Republican lawmakers are intensifying their opposition to the Green Light NY law with proposed legislation that would protect court clerks who refuse to issue driver’s licenses to undocumented immigrants. Senate Minority Leader John J. Flanagan (R-Smithtown) introduced legislation earlier this week, saying it would help state employees “do the right thing and enforce federal immigration law.” Legislation was previously introduced to allow the state to punish clerks who disobey the law.
After a battle that spanned several decades, the Green Light NY bill was finally signed into law earlier this summer. It’ll let undocumented immigrants apply for and receive New York State driver’s licenses when it goes into effect at the end of this year. Yet Republican lawmakers, county clerks and other state government officials have pushed back against the law, with some even filing challenges to it in federal court. Advocates have meanwhile criticized the state for not having a clear plan as to how the licenses will be issued — a major point of contention for Green Light opposers as well.
Flanagan’s bill has earned support from state Sen. Phil Boyle (R-Babylon), state Sen. Ken LaValle (R-Port Jefferson), Assemblyman Anthony Palumbo (R-New Suffolk) and Suffolk County Comptroller John Kennedy. They said their main fear was that the licenses could allow undocumented immigrants to register to vote. “This bill is so important because it protects the average worker in New York state, those DMV employees who are between a rock and a hard place,” Boyle said. Times Union
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Advocacy Groups Seek To Fight NY County Clerks
A coalition of immigrant advocacy groups has filed a motion to become defendants in a lawsuit challenging New York’s Green Light NY law, which will go into effect in December. Erie County Clerk Michael Kearns filed the suit, saying the law conflicts with federal statute. Current defendants are Gov. Andrew Cuomo (D), State Attorney General Letitia James (D) and Department of Motor Vehicles Commissioner Mark Schroeder. The coalition includes the Rural and Migrant Ministry, the New York Immigration Coalition and the Hispanic Federation, as well as several individuals. They all say they should be able to participate as they are impacted directly by the issue. Spectrum News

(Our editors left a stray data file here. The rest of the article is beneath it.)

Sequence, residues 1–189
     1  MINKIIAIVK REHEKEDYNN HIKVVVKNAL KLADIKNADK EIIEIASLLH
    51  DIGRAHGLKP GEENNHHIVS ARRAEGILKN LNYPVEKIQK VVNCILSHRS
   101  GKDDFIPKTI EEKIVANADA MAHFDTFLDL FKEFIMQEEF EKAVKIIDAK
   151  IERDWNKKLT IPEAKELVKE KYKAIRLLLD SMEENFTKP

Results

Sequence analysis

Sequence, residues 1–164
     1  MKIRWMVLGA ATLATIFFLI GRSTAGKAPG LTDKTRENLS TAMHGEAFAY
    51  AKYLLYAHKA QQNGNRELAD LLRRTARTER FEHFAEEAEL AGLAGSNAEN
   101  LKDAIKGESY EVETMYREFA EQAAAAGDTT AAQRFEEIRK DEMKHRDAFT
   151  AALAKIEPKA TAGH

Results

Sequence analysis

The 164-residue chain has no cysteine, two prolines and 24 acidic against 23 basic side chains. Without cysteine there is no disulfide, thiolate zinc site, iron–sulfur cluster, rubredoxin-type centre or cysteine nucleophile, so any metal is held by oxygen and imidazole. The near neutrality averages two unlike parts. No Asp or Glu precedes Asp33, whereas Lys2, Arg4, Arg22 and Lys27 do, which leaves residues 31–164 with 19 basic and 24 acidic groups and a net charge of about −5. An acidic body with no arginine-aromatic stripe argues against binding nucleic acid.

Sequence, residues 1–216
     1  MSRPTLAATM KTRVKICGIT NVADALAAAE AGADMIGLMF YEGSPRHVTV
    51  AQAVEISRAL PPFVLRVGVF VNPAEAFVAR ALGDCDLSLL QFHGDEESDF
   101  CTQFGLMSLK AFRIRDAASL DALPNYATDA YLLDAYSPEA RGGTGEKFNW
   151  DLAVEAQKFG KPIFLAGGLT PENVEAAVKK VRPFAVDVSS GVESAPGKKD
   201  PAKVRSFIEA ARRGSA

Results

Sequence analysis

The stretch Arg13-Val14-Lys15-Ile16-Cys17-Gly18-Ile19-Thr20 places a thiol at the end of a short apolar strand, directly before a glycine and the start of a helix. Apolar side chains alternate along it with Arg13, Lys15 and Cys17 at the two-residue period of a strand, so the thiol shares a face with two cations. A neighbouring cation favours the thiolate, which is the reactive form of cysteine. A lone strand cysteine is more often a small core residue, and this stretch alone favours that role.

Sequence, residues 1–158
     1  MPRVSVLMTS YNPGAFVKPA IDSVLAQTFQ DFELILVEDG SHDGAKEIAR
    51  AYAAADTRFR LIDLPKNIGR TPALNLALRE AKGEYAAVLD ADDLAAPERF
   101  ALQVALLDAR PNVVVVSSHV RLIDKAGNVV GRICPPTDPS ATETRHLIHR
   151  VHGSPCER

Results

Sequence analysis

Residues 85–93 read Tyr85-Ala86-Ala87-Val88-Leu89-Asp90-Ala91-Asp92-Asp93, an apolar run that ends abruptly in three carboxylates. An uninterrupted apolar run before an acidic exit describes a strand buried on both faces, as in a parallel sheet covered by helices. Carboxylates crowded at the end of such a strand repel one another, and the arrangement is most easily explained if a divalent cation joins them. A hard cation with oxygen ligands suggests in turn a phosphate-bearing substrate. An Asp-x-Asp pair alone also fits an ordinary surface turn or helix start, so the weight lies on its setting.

AG James Calls for More Information on Medical Deferrals
New York Attorney General Letitia James sent a letter Wednesday alongside attorneys general from 19 other states to Ken Cuccinelli, acting director of U.S. Citizenship and Immigration Services, and Matthew Albence, acting director of U.S. Immigration and Customs Enforcement. The letter concerns the two officials’ attempt to end a policy of deferring deportations for individuals with serious medical conditions, telling people benefitting from the policy to leave in 33 days. The attorneys general are seeking confirmation that USCIS terminated consideration of deferred action requests. Civil rights groups are also suing over the policy’s end. The Hill
Catholics Protest Immigration Policy in New Jersey
Hundreds of Catholics protested outside an ICE office in Newark, New Jersey on Wednesday to call for the end of the federal government’s detention of migrant children and families. Newark’s archbishop Cardinal Joseph Tobin joined the demonstrators, blessing the crowd and leading them in the recitation of the rosary. About 50 people risked arrest by blocking traffic and holding photos of children who died in federal custody. “As a nation, we must come together for immigration reform which defends the family, protects human dignity and enshrines the sacredness of life,” Tobin said. HuffPost
Inspector General Details Zero Tolerance Trauma
Some children believed their parents abandoned them. One boy thought his father had been killed and he was next. The children told doctors “every heartbeat hurts,” or “I can’t feel my heart” — physical manifestations of extreme mental trauma. A new report from the Department of Health and Human Services office of inspector general’s office describes all of these accounts from migrant children who were separated from their families. Separated children overall “exhibited more fear, feelings of abandonment and post-traumatic stress than children who were not separated,” the report said. A child psychiatrist also said that even when reunited with their parents, children may never outgrow this trauma. The Guardian